But I bet my reply took way longer than Dextorious’s comment, and by the time I was done replying I felt like I’d wasted my time. I wanted to add another part:

4) I worry that this level of stupidity, and repeated stupidity, is becoming more normal; it’s very hard to wade through that stupidity as an individual. Dextorious has a lot of problems with reason; he tends to post things like “Thanks for the “democratic” downvoting.”

I looked through his comment history; there are many one-line, two-sentence comments like this one, which led to a pointless flame war. He calls Facebook “hyper-valued web crap,” but not in the context of providing real insight. Likewise, consider this comment. Others tell him that he’s not being very nice, as in a comment where Dinkumthinkum says, “You’re missing the point.” But how do you tell someone who chronically misses the point that they’re missing the point? In another thread, talmand says, “Wow, overreact much?” Yes, he does; but you can’t tell from looking a single comment what dextorious is doing, and most people aren’t going to look for a pattern of useless behavior in a poster’s comment history. I only did to make a point.

And I’m not doing this to pick on Dextorious; he’s one guy, but he’s symptomatic of similar threads I’ve seen. The latest happened today, in which jacquesm said:

The thread because this is one of the most hateful and ugly threads I’ve ever seen on HN. A thread like this would be literally unthinkable a year or more ago, and now I’m not even surprised it is here.

I’m not surprised either, and I’m not sure what to do with it in the face of cultural change. I’m not sure there’s a good algorithmic way of dealing with weak comments; one might have a Dunning-Kruger effect at work: the people who are least likely to provide valuable and non-jerky comments are also least likely to realize they’re not doing it. Most of the time, when you’re thinking about writing a comment, you should stop and ask: Is this important? Is it important enough to give it its own post? Is it cruel? Most people don’t do this. I suppose Hacker News could solve this problem by appointing super users or something like that, but such a solution doesn’t scale and has the problem of borderline-useful comments, like many of Dextorious’s. And sometimes it is genuinely hard to separate people telling difficult truths and people being jerks. Self-policing works much better but is imperfect, and its imperfection grows faster than the number of users.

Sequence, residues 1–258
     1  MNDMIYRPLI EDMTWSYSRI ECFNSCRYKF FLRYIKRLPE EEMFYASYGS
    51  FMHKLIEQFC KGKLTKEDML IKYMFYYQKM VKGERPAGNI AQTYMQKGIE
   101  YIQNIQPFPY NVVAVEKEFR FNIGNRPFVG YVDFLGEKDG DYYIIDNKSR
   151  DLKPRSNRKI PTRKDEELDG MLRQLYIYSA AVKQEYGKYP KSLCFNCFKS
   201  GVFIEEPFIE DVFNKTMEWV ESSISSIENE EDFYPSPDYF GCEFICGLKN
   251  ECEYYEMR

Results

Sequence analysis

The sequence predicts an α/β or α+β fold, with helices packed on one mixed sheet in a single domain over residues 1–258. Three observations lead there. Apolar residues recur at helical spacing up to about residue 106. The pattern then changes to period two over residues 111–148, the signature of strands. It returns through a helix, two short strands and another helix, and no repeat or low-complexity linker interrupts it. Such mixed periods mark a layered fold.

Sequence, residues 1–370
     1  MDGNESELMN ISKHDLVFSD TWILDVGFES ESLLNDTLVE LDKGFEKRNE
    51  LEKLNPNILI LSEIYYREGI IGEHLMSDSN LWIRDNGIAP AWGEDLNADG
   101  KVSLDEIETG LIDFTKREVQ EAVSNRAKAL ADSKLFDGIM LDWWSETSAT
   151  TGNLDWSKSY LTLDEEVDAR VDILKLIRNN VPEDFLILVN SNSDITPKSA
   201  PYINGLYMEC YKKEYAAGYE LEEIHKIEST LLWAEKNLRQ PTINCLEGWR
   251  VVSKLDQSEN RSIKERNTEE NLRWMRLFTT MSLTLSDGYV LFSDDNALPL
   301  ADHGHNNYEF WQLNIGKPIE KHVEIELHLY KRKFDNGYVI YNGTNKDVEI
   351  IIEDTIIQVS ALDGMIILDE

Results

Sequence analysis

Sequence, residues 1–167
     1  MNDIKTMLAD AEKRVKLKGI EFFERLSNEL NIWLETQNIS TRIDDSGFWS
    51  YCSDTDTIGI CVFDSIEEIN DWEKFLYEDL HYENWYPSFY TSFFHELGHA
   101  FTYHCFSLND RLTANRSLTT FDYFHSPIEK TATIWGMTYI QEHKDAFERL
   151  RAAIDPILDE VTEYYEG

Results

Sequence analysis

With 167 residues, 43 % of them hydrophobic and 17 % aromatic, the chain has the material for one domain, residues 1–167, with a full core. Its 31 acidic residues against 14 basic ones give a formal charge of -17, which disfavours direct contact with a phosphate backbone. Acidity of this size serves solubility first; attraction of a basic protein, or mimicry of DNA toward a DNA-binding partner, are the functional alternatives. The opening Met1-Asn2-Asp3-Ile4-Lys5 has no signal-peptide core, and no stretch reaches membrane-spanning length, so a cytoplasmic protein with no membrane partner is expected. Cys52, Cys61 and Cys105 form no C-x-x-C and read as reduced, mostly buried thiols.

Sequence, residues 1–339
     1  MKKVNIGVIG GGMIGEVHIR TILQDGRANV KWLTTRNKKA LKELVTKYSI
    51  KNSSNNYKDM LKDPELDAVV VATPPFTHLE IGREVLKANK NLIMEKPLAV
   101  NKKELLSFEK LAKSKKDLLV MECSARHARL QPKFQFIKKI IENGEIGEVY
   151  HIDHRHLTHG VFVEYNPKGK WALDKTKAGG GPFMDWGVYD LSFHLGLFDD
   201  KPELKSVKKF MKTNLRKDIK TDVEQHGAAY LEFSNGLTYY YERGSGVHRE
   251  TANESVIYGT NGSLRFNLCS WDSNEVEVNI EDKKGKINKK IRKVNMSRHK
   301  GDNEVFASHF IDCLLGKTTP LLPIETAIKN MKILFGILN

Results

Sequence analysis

This post is an effort towards cultural change, not only on Hacker News but elsewhere on the Internet. I’ve discussed the problem before and doubt it’s going to go away. I’m still going to try to help people write better comments and think better, but I worry that it’s a losing battle in most circumstances.

Commenting on comments

In “Comment is King,” Virginia Heffernan writes in the New York Times, “What commenters don’t do is provide a sustained or inventive analysis of Applebaum’s work. In fact, critics hardly seem to connect one column to the next.” She notes that comments are often vitriolic and ignorant, which will hardly surprise those used to reading large, public forums.”

She’s right. But part of the issue is that newspapers seem to encourage hit-and-run commenting because of their sheer size and, because of their attempt to be universal, also often hit the lowest common denominator. The latter is also one reason why Hacker News has a vastly better signal-to-noise ratio than, say,

In addition, think about this: if you’re going to incisively, laboriously, and knowledgeably comment on someone’s post or column, you’re probably better off getting your own blog and linking to the person’s post, thus developing a following of your own. It’s not really worth spending forty five minutes or an hour on an extensive critique that’s not likely to be read or remember by many people as a comment. When it becomes part of an ongoing narrative, however, it becomes more meaningful and important to the person who is writing.

That’s not to say comments have no place in blogs or newspapers, and I always read the comments on The Story’s Story and Grant Writing Confidential with care and attention. But I also understand the incentives against careful commenting and for trolling. Furthermore, in a typical comments section, it’s hard to tell who is a lunatic, who is worth listening to, who has background on the subject, and so forth. “Comment in King” now has five pages of comments attached, and I don’t feel like wading through them. With a single blog, however, I can relatively easily evaluate a handful of posts and decide if the rest are worth reading. Therefore I’m more likely to invest in a blog post replying to a story than I am a comment on that story.

You might notice that I’m not responding to Heffernan’s article in the comments section of the New York Times—but I might post a link to this response. Or maybe I’ll send her an e-mail. Heffernan might want to hear from me.

As a tangential point, comments that cite books or substantive articles are almost always better than blue-sky comments; maybe encouraging people to cite their sources would improve online discourse.